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THE writing is on the wall for housing numbers because of limited capacity of house-builders.
Small and medium-sized companies have disappeared in large quantities, and the few large companies left have reduced capacity and reduced balance sheets.
The biggest by market capitalisation, Persimmon, has agreed to pay shareholders £1.9billion in dividends over the next nine years.
The company is making pre-tax profits of £200m, so in real terms, if its margins stay at that level, it will not grow in terms of capacity based on its balance sheet. If its margins shrink, so will Persimmons’ capacity, unless finance costs (interest rates for borrowing) reduce significantly, which isn’t likely.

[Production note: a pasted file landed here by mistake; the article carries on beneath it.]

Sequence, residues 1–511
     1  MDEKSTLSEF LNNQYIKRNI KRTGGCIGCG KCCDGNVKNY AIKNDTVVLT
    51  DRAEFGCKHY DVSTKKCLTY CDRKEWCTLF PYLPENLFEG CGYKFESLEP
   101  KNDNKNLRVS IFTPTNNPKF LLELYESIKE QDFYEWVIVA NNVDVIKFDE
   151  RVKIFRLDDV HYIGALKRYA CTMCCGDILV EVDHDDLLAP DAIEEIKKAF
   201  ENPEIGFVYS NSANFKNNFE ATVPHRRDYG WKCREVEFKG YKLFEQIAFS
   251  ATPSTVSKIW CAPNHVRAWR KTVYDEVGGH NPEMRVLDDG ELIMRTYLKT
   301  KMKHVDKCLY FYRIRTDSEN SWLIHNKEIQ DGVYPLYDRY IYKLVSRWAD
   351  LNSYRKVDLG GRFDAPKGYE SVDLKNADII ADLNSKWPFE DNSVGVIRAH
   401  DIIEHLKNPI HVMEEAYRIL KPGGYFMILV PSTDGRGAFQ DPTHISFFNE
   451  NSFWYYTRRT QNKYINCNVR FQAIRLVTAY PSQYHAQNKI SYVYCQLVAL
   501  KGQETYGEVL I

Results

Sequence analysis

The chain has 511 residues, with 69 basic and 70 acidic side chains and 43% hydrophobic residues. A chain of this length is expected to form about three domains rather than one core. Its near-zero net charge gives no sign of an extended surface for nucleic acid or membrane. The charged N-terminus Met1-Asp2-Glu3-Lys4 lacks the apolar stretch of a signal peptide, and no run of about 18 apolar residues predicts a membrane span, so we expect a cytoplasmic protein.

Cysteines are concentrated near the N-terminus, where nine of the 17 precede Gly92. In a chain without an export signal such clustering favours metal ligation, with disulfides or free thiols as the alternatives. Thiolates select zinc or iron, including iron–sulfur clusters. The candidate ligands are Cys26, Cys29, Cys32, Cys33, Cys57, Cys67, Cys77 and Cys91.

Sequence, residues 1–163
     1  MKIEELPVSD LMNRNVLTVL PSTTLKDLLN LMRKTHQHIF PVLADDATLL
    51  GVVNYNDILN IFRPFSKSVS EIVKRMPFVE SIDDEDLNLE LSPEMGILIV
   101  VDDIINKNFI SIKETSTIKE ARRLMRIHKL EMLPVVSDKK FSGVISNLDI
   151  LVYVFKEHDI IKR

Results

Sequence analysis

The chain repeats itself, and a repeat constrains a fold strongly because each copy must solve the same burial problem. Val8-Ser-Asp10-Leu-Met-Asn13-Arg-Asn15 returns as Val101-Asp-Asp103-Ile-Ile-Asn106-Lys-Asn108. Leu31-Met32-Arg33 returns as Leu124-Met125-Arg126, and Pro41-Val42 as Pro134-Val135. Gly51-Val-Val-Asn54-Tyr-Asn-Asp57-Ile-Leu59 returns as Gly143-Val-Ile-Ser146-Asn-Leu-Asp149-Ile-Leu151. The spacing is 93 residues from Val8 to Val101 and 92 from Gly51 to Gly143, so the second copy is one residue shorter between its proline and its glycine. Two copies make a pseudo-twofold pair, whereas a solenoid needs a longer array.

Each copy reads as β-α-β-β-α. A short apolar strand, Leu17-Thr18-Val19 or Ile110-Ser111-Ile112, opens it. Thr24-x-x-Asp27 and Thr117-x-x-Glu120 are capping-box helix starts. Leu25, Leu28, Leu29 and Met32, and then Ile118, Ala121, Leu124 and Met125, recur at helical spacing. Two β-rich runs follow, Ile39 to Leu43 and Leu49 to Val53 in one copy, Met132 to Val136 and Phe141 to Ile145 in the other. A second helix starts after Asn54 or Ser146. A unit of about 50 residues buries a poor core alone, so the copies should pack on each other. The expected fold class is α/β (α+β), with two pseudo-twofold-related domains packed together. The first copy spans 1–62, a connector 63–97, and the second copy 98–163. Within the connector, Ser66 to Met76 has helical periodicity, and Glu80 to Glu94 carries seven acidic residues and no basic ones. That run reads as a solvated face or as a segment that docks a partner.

The only chance of being able to increase volumes is subject to a combination of higher margins and lower borrowing costs.
What does this mean for councils desperate for new housing? Councils which want to attract house-builders will only do so with attractive (lower) affordable housing targets.
Those which do not lower their targets will not get the housing they need.
There is only one way to increase housing in York – through a stimulus by dropping the affordable requirements.
Paul S Cordock, Durlston Drive, Strensall, York.
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